A family doctor found guilty of sexually assaulting five women was struck off after the General Medical Council branded him a ‘danger to the public’.
Alan Tutin, 60, fondled a patient’s breasts saying he could tell if she was pregnant.
The Surrey GP carried out a vaginal examination on another patient as groped her breast, the GMC heard.
The woman told the hearing: ‘He was asking me what positions we used and what kind of sex myself and my boyfriend enjoyed.’
Another patient was told to strip – for an eyesight test.
During his career Tutin has been accused of assaults on 18 women, a teenage girl, a boy of eight, a trainee doctor and a midwife.
He denied all the charges – but admitted viewing pornography on the internet in his surgery and calling sex chat lines.
Tutin, from Guildford, Surrey, faced trial at the Old Bailey in 2000, accused of indecently assaulting three women, the boy and the teenager.
He was cleared by a jury of molesting the boy, while other allegations against him were dropped.
The doctor first appeared before the GMC in 2001 and was cleared of inappropriately examining eight women in routine check-ups.
But the allegations continued with more and more women voicing concerns.
The father of four examined the women at the Merrow Park Surgery, Guildford – one of the wealthiest areas in the country.
In 1984 he told a community midwife to ‘get her kit off’ and then rubbed his hand across her pubic area – telling her he was searching for a pulse.
Tutin told a patient known as Ms E he would need to carry out an internal check when she complained of cystitis in 1987.
He gave her a breast examination, examined her internally with one hand while feeling her breasts with the other.
And he said her cystitis must be caused by sex as nuns did not suffer from the condition.
A trainee doctor who visited his home in 1989 was grabbed by Tutin when his pregnant wife went to bed early.
He asked what she thought of her practice and put his arm around her – in what she took to be a consolatory gesture.
But Tutin moved his hand over her chest, tried to unbutton her blouse and attempted to kiss her.
He said he would not touch her but told her to strip because he ‘liked Chinese women’.
The trainee left the practice the following day.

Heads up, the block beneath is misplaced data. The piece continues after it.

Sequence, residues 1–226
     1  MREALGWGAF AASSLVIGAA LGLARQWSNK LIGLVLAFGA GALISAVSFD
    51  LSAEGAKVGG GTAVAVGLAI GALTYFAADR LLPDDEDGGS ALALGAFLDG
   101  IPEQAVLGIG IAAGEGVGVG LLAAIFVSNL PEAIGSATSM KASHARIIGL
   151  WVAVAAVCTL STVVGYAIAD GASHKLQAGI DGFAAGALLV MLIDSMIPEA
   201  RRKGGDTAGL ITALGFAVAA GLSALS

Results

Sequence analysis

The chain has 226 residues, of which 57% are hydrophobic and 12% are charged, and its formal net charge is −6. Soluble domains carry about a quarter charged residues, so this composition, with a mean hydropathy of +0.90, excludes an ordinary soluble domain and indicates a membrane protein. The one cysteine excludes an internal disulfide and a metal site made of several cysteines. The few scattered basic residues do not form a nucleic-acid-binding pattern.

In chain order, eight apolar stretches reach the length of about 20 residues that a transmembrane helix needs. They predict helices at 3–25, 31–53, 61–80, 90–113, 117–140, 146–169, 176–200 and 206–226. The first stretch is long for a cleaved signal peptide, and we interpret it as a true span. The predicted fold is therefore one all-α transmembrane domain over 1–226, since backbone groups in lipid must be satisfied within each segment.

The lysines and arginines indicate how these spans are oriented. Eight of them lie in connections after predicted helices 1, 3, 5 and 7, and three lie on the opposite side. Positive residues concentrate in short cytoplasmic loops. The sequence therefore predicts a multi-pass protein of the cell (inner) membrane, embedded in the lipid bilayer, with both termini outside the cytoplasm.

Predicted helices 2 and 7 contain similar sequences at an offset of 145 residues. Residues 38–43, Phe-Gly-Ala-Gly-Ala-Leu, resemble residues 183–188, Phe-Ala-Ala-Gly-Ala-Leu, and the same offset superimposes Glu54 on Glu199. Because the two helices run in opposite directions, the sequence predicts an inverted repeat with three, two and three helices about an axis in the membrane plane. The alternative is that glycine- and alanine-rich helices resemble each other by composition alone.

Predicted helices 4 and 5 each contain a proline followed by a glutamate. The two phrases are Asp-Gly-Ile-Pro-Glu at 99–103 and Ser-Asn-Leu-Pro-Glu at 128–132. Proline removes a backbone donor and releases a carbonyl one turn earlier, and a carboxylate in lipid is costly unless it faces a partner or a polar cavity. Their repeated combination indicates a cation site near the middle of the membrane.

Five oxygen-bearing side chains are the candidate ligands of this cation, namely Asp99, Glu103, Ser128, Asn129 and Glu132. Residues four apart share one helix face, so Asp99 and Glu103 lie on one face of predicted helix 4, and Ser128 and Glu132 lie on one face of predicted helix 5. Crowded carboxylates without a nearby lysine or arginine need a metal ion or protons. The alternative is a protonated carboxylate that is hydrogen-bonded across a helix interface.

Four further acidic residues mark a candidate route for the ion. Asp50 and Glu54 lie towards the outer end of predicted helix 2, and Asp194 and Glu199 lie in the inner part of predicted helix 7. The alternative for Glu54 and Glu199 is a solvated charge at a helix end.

Tutin carried out a smear test on Ms G in 1996 and gave no explanation for inserting his fingers in her vagina.
On a separate visit he told her to remove her top because her chest sounded wheezy, and held her left breast while using a stethoscope with the other.
This incident was not found to be a sexual assault.
A patient known as Miss D revealed how an eyesight test became an ordeal when Tutin told her to take off her clothes.
‘I was down to my underwear. I was asked to stand in front of the eyesight chart,’ she said.
‘It was very, very close. I could sense him being very close to me because I could feel his breath.
‘He was standing to the right side of me, just behind my shoulder. I felt very uncomfortable.’
The woman said she felt as though Tutin had ‘trapped’ her in the surgery.
Miss D did not make a complaint until she saw a newspaper article about Tutin in 2000, and eventually made a formal statement in 2006.
In 1999 the doctor quizzed another woman about the size of her husband’s penis, compared to her previous partner.
Following an internal examination of the woman, known as Miss H, he sniffed his fingers, and claimed that by touching her breasts he could decide whether she was pregnant.
At the GMC hearing Tutin admitted using his surgery computer to look at pornographic websites between 2004 and 2006, and confessed to using adult phone lines at work in 2004.
But he denied the sexual claims of patients and colleagues.
The panel rejected allegations made by three other women.
GMC panel chairman Andrew Popat said the doctor had abused patients for his own sexual gratification, breaking ‘many of the fundamental tenets of ”Good Medical Practice”.
‘The Panel considers that when doctors behave as Dr Tutin they damage not only the patients whom they have directly abused, but also put at risk the essential trust which is necessary between the public and the medical profession.
‘His sexual misconduct in that respect is particularly serious.
‘The Panel is not satisfied that he has developed any appreciable insight into the consequences of his actions for the women he abused.
‘The Panel could not be confident that Dr Tutin presents in Lord Hoffman’s words ‘no danger to the public’.
Given the findings, Mr Popat said that the only appropriate sanction was to erase Tutin’s name from the medical register.
Dr Tutin denied misconduct.